- As many as 680 fewer person-to-person touch points flying privately when compared to commercial flights, potentially reducing the chances of catching COVID-19 (1)
- Price disparity between first class flight tickets and flying privately set to fall as commercial airlines will be under pressure to increase the cost of flying per passenger as they reduce their load factors to help with social distancing
- With their duty of care to staff, more corporates will be inclined to offer their senior executives who fly first class the option of flying privately
Colibri Aircraft, the private jet broker which specialises in the marketing, resale and purchase of pre-owned private aircraft, says changes in the commercial aviation sector and the fear of catching COVID-19 whilst flying on airlines could increase demand for private jets when restrictions around international travel are lifted further.
There are as many as 680 fewer person-to-person interactions when flying by private jet compared to commercial(1)potentially reducing the chances of catching COVID-19; airlines have cancelled thousands of routes as a result of the Coronavirus, making it harder or impossible to reach certain destinations via the airlines, and the time spent to board a commercial flight could increase dramatically as new health measures are introduced at airports and by airlines – a costly experience for business travellers.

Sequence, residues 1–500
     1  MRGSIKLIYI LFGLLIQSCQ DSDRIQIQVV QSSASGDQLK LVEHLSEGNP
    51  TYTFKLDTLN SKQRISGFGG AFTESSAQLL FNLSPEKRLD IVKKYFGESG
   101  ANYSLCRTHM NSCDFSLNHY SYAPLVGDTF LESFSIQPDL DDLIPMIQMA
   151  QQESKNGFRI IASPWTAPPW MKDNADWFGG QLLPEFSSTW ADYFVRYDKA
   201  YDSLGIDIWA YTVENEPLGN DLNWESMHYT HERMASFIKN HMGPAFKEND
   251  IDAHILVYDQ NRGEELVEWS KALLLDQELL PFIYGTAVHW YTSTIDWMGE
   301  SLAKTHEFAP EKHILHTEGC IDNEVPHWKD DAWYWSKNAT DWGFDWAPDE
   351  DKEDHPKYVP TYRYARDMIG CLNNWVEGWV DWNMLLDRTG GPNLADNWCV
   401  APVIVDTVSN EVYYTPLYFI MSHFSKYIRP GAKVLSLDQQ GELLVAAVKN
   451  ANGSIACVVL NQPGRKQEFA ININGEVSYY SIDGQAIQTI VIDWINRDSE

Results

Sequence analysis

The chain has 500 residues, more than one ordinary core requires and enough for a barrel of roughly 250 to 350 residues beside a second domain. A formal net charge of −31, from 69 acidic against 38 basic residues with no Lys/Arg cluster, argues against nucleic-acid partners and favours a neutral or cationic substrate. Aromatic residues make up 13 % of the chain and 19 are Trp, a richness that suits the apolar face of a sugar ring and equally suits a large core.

In addition to this, Colibri Aircraft says airline travel is likely to increase in cost as airlines will be under huge pressure because of the losses they are incurring and the fact that they will have fewer passengers per flight. Colibri Aircraft says that before the Coronavirus crisis, many of the main airlines had average load factors of between 80% and 90% but this is likely to remain at significantly lower levels while the recovery continues as people try to avoid large crowds in small spaces.
Oliver Stone, Managing Director, Colibri Aircraft told B365: “The Coronavirus crisis has had a devastating impact on both commercial and private aviation. However, when the recovery comes, it could be private aviation which bounces back first.
“Thousands of commercial flights have been cancelled and many may not return when the skies open again because they will be unprofitable to run. In addition to this, many people will be worried about the possibility of contracting COVID-19 whilst flying, and those that can afford to fly privately may feel it reduces their chances of catching the disease.
“Also, employers will be even more conscious of their duty of care to staff travelling on business, so many CEOs and other senior executives who would normally fly on first class commercial flights, may now be offered the option of travelling by private aircraft to help ensure their safety. Importantly, Private Aviation in Europe is an industry that employs hundreds of thousands of people directly and indirectly and so we are hopeful that an increase in demand due to the benefits the industry has to offer will help protect the livelihood of many people around the UK and Europe.”